[Haskell-cafe] Re: memoization
John Lato
jwlato at gmail.com
Sun Sep 6 06:38:18 EDT 2009
Hello,
I agree that your answer is elegant, but it's not an efficient
algorithm in any language. How about this, keeping the rest of your
code the same?
import Data.Array.Diff
import Data.IArray
update :: (Char -> [Int]) -> DiffArray Int ModP -> Char -> DiffArray Int ModP
update lookup arr c = arr // (map calc . lookup $ c)
where
calc i = (i, (arr ! i) + (arr ! (i-1)))
solve line sol = (foldl' (update lookup) iArray line) ! snd (bounds iArray)
where
iArray = listArray (0, length sol) $ 1 : map (const 0) sol
lookup c = map (+1) . findIndices (== c) $ sol
I would expect that at least some of the C programs would use the same
algorithm. It's not the most efficient Haskell implementation, but on
my computer it runs the large dataset in a little under 3 seconds,
which is probably good enough.
Cheers,
John
>
> Hi,
>
> I participating in de google code jam this year and I want to try to use
> haskell. The following
> simple http://code.google.com/codejam/contest/dashboard?c=90101#s=p2
> problem
> would have the beautiful haskell solution.
>
> import Data.MemoTrie
> import Data.Char
> import Data.Word
> import Text.Printf
>
> newtype ModP = ModP Integer deriving Eq
>
> p=10000
>
> instance Show ModP where
> show (ModP x) = printf "%04d" x
>
> instance Num ModP where
> ModP x + ModP y = ModP ((x + y) `mod` p)
> fromInteger x = ModP (x `mod` p)
> ModP x * ModP y = ModP ((x * y) `mod` p)
> abs = undefined
> signum = undefined
>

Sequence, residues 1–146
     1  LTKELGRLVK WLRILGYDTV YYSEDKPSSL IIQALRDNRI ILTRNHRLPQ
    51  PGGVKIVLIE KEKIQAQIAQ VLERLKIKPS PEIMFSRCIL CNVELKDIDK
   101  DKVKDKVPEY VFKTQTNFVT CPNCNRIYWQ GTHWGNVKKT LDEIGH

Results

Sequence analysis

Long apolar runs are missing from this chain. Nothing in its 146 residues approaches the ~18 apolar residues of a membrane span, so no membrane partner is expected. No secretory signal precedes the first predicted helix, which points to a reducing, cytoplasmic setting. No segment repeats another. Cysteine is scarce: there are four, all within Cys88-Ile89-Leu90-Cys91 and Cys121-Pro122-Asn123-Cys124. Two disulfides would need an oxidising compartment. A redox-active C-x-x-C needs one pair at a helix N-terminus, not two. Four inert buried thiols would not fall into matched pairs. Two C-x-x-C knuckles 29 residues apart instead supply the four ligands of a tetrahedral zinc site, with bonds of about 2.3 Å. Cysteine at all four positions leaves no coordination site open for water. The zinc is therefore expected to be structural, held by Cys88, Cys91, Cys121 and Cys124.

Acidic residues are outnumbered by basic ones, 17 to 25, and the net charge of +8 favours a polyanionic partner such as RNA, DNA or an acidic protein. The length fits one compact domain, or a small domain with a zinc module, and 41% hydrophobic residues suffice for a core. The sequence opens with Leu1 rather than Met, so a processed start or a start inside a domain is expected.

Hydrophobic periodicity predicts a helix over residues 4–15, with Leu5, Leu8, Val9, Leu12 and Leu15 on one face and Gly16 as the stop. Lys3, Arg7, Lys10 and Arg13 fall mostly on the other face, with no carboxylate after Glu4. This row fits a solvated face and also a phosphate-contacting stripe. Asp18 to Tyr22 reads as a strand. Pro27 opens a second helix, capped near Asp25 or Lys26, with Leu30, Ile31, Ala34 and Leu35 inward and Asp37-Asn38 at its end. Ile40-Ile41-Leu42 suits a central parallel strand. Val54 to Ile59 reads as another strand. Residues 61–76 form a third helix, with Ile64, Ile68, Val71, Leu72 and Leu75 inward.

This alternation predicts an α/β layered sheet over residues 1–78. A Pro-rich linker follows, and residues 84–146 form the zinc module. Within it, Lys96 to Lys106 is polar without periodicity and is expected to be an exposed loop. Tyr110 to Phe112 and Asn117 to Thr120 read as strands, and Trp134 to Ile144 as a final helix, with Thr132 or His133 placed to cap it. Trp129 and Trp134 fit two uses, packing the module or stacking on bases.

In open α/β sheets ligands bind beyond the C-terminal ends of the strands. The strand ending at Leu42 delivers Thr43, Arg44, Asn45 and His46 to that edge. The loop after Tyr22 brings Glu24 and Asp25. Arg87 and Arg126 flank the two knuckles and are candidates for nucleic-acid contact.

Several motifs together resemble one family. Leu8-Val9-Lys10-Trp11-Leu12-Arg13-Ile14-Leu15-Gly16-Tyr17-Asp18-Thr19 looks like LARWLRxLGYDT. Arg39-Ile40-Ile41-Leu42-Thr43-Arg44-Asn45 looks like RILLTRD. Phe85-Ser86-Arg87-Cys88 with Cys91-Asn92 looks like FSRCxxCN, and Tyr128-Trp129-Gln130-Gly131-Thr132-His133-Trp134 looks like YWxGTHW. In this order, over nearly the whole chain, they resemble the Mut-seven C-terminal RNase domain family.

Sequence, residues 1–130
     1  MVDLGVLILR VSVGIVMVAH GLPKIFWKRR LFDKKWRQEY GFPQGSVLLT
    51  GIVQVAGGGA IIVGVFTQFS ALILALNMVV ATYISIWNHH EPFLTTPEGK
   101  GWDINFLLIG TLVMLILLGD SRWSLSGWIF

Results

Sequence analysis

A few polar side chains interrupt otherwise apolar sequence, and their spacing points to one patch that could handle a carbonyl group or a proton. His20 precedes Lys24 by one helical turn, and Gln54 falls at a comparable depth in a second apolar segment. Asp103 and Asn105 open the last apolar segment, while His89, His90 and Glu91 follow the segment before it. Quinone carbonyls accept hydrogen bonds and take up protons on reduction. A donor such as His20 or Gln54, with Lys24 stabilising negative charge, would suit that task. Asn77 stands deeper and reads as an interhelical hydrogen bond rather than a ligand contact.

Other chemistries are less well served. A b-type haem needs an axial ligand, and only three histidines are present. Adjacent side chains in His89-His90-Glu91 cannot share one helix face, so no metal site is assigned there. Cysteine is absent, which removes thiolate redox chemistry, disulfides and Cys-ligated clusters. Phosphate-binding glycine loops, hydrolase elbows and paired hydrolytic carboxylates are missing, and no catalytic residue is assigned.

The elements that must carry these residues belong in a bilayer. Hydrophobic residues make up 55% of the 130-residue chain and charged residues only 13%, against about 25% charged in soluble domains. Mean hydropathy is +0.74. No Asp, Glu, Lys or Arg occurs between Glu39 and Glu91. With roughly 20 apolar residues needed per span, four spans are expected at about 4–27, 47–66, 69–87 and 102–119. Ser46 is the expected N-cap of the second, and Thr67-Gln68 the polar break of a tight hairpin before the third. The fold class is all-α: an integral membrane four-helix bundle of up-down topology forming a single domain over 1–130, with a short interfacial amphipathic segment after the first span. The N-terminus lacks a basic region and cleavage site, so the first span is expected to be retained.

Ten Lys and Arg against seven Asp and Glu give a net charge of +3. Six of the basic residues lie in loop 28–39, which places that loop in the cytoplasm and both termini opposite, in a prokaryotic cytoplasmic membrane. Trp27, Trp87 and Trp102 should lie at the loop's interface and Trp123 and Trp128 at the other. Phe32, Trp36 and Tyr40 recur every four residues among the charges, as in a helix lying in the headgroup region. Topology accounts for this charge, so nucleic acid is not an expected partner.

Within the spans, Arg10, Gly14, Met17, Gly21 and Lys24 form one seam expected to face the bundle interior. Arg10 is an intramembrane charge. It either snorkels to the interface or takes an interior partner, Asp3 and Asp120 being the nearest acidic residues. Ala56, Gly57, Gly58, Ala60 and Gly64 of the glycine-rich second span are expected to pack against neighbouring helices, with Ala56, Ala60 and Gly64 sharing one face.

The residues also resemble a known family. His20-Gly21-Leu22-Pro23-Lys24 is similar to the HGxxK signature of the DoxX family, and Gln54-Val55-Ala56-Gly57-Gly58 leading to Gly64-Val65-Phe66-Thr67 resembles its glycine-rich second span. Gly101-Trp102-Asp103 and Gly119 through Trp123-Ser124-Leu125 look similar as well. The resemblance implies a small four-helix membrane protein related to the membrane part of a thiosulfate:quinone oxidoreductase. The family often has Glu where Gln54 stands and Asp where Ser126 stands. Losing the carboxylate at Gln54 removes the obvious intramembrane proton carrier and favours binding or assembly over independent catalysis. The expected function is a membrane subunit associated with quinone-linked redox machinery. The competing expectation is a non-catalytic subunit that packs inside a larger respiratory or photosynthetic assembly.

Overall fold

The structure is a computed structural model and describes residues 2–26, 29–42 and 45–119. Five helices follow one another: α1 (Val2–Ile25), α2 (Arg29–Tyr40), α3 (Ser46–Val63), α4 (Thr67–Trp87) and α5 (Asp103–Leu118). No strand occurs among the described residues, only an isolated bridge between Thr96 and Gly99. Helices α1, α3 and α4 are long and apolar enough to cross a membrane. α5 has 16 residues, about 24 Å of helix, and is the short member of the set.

> solve _ [] = 1::ModP
> solve [] _ = 0::ModP
> solve (hs:ts) t@(ht:tt) | hs==ht = solve ts tt + solve ts t
> | otherwise = solve ts t
>
> go (run, line) = "Case #"++show run++": "++show (solve line "welcome to code
> jam")
>
> main = interact $ unlines . map go . zip [1..] . tail . lines
>
>
> Which is unfortunately exponential.
>
> Now in earlier thread I argued for a compiler directive in the lines of {-#
> Memoize function -#},
> but this is not possible (it seems to be trivial to implement though). Now I
> used memotrie which
> runs hopelessly out of memory. I looked at some other haskell solutions,
> which were all ugly and
> more clumsy compared to simple and concise C code. So it seems to me that
> haskell is very nice
> and beautiful until your are solving real algorithmic problems when you want
> to go back to some
> imperative language.
>
> How would experienced haskellers solve this problem?
>
> Thanks
> --
> View this message in context: http://www.nabble.com/memoization-tp25306687p25306687.html
> Sent from the Haskell - Haskell-Cafe mailing list archive at Nabble.com.
>
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